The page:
The first African American woman to serve as superintendent for Baldwin County Schools, Geneva Braziel never deterred from her path toward success because she was determined to make a difference in the lives of young learners.
“Growing up, a professional career was not something that you really envisioned because you didn’t really see that around the community you grew up in, but you can see your environment and know that you wanted to do better,” she said. “Sometimes it was really hard because we didn’t have resources that some of the other kids may have had. My parents always pushed me to do better than what they did, and even though they weren’t college graduates, their strong work ethic and commitment has really gotten me to where I am now.”
A Milledgeville native, Braziel attended public schools, graduating from Baldwin High School in 1990. She earned a bachelor’s degree in middle grades education from Georgia College in 1994.
“Originally out of high school, I wanted to be a fashion designer and merchandiser. My family convinced me to attend Georgia College where I majored in sociology,” she said. “Then I decided I wanted to be a school counselor, and back at that time, you couldn’t be a counselor without teaching, so that’s why I decided to get my teaching degree in middle grades education.”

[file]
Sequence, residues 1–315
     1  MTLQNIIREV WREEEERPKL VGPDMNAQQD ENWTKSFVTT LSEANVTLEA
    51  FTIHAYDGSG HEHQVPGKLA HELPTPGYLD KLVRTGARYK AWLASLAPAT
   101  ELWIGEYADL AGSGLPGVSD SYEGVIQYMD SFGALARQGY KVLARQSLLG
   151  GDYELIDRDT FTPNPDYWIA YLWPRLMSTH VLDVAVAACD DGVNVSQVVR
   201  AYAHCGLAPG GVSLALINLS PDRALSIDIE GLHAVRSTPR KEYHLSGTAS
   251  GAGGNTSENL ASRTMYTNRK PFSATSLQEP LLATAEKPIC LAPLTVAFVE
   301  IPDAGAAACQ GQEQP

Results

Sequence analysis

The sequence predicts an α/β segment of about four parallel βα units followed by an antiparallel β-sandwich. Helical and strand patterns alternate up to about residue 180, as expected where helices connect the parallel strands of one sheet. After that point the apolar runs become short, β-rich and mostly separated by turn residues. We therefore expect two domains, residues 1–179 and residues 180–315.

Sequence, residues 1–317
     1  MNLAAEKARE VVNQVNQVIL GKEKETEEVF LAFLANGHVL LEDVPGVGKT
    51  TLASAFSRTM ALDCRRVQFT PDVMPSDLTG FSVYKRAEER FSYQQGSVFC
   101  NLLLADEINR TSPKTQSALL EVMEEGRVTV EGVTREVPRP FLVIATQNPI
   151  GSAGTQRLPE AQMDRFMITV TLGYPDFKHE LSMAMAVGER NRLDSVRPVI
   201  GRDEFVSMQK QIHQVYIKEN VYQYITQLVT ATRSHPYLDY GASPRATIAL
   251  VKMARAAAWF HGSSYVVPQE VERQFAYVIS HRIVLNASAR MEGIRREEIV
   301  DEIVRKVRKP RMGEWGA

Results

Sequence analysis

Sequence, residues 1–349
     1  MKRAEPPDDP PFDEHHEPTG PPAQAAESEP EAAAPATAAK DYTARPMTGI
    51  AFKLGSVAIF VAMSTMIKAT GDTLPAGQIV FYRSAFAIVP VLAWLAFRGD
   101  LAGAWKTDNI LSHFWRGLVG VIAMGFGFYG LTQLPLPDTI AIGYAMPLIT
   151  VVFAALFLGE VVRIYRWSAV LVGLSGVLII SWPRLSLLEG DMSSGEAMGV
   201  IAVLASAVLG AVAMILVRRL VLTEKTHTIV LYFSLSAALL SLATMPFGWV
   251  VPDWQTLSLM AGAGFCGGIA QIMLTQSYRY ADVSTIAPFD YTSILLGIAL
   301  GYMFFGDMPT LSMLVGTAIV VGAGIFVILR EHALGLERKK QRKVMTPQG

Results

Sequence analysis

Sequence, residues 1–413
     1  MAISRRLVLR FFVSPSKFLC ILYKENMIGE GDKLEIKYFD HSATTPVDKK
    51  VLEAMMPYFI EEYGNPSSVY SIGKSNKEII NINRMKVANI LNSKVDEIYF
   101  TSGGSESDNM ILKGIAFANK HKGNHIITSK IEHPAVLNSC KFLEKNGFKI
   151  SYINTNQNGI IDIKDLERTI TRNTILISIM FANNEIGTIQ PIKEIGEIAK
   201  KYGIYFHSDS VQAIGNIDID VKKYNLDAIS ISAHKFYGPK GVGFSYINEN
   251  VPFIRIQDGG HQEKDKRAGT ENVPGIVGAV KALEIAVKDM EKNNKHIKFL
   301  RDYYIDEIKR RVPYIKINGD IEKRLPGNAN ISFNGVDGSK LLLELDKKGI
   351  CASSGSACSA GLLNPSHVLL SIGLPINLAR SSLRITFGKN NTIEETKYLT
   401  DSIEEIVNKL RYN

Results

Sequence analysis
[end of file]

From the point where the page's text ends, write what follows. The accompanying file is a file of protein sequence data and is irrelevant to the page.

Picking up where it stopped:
Braziel kicked off her education career at Boddie Middle School in 1994 as a sixth grade science teacher. While educating middle-schoolers, Braziel pursued a master’s degree in school counseling from Fort Valley State University, which she earned in 1998. She transitioned to Baldwin High to work as a counselor in 1999.
“The most disheartening part of the job is when you’re not able to reach a child and get that child to where they need to be because you do want to see every child be successful,” she said. “Kids today have so many more resources than we’ve ever had, right at their fingertips. In today’s world, they want immediate gratification, but it doesn’t always work that way; you have to be patient and persistent. Those immediate sacrifices will make for a brighter future.”